This is the third and last level of inquiries (and the most difficult!) for WEM Project, following my first level and second level inquiry posts.
Do you sympathize with the characters? Which ones, and why?
The only one character I sympathize with is Jay Gatsby. As his father told Nick, Gatsby is a rare person; in his young age, he has been applying the very way of achieving success: focus and discipline. If only he did not attracted to Daisy, he might have paved his way to success more decently. If only he had not been obsessed to Daisy, he might have had a better life. I think Gatsby is genuinely an innocent and straight forward person, it’s so pity that he dreams of the wrong person, and be mastered by the wrong master.
What does the setting of the book tell you about the way human beings are shaped?
Emerging from World War I, America became the wealthiest country in the world in the 1920s, when people suddenly had money to spend, and stock market boomed. There’s also a revolution in the society when women take part in work force and started to feel the freedom. Then Jazz Age added in the euphoria; lavish parties like Gatsby’s and free sexuality became a new trend. After the depressing war, people wants to break free, they often do crazy things just to release the years of burden from the war. In times like that people pursue easy money and high pleasure; while morality and ethics are abandoned, let alone religious.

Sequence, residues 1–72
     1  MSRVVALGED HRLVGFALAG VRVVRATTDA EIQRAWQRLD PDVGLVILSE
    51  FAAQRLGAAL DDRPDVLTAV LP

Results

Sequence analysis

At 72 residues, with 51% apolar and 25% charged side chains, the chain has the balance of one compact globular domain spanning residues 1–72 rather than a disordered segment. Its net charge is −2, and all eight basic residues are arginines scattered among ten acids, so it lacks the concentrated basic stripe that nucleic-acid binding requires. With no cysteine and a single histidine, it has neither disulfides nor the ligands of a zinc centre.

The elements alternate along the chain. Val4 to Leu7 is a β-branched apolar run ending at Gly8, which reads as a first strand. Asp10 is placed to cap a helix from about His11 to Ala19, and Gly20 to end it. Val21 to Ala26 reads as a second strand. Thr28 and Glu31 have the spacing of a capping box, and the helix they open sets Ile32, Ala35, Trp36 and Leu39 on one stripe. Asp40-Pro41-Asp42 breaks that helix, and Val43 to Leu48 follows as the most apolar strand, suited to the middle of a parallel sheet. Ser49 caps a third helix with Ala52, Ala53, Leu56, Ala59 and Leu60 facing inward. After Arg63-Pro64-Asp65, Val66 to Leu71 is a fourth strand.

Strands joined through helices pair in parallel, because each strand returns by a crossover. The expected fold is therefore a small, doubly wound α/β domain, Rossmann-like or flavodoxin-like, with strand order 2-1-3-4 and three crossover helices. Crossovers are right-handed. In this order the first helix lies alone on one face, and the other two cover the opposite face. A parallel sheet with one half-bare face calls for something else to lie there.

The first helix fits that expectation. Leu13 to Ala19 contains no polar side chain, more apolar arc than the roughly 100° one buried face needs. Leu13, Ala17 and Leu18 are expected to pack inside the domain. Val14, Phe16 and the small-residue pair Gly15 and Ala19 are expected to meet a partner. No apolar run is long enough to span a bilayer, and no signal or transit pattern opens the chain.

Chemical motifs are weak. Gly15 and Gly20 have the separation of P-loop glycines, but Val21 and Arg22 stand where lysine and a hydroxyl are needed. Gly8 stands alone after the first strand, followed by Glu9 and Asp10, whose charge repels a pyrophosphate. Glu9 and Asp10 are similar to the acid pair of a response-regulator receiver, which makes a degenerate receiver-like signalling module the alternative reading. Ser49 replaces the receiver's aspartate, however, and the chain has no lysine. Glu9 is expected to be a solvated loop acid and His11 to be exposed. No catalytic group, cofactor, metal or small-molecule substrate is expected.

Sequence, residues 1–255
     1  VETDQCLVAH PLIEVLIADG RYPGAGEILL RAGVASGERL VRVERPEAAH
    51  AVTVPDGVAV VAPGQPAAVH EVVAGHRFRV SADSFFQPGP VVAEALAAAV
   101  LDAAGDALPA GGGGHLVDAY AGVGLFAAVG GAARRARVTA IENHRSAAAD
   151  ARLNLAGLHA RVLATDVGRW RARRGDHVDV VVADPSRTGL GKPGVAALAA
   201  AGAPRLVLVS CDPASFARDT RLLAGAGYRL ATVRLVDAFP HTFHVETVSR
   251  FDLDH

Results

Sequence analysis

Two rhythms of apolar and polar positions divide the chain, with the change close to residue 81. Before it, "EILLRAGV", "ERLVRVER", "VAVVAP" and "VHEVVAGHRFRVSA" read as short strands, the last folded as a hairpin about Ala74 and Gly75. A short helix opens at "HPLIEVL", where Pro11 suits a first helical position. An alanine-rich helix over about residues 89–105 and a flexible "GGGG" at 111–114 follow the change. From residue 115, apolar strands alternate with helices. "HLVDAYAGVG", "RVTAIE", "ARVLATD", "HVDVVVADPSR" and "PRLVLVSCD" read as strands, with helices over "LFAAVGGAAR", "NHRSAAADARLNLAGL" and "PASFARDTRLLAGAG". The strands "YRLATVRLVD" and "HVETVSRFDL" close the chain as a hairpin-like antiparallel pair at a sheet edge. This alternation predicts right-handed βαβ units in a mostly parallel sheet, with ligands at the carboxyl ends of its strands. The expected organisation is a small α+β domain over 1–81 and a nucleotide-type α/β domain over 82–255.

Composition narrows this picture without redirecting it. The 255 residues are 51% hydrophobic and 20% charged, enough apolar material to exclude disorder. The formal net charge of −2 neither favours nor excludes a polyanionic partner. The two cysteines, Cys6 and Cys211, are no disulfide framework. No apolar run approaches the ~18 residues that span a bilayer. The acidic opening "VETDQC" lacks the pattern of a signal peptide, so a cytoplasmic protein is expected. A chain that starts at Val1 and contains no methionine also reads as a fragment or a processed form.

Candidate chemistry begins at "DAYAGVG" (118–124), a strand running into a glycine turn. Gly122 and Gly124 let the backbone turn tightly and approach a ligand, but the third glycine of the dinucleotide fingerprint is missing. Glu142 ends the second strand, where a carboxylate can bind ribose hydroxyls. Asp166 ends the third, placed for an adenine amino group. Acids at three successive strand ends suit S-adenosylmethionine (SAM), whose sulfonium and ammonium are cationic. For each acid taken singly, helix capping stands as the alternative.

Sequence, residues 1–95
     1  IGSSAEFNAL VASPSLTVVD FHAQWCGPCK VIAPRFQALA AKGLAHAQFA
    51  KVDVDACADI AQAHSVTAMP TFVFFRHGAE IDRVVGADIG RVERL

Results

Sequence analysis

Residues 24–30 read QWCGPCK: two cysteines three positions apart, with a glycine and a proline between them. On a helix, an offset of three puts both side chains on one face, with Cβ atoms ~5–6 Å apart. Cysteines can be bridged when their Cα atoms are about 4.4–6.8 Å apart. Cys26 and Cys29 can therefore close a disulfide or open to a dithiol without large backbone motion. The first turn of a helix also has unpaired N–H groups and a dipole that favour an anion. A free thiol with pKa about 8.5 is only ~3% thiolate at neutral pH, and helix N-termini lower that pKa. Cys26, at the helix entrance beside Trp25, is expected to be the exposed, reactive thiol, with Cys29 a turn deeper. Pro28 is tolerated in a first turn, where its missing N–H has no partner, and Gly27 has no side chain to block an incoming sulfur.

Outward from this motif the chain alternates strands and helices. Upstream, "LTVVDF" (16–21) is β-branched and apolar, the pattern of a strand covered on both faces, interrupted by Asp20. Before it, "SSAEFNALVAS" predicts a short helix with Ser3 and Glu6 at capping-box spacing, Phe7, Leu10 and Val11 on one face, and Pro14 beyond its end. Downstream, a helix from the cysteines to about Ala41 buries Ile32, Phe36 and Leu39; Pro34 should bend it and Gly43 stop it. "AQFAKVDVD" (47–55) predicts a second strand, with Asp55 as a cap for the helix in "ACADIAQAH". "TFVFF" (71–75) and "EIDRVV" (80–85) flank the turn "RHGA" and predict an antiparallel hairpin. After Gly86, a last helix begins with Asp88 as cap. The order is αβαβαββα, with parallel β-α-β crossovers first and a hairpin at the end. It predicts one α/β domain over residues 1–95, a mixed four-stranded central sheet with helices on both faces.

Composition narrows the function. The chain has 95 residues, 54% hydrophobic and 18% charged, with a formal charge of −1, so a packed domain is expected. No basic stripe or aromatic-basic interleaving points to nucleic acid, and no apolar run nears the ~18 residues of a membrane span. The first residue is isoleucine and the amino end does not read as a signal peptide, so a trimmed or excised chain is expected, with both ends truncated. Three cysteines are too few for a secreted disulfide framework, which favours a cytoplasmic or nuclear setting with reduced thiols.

What exactly is the writer telling you?
Fitzgerald criticizes the wildness of the Jazz Age that led to moral decays. On the other hand, he also warns us to not falling into a false dream. Everything should be achieved with hard working, focus and discipline (like Gatsby did). Gatsby has done the later, but failed in the previous (false dream), and that’s how he ‘falls’. But above all, we must maintain our morality always in the right path; God never sleeps! (and in this aspect, Gatsby wins from the other).
In what sense is the book true?
All that Fitzgerald says in this book is the reflection of modern civilization. Where hedonistic begins to grow, there would be a moral decay. God, moral, conscience would be abandoned, and replaced by the new gods: money and pleasure; and these are very relevant in our today’s civilization.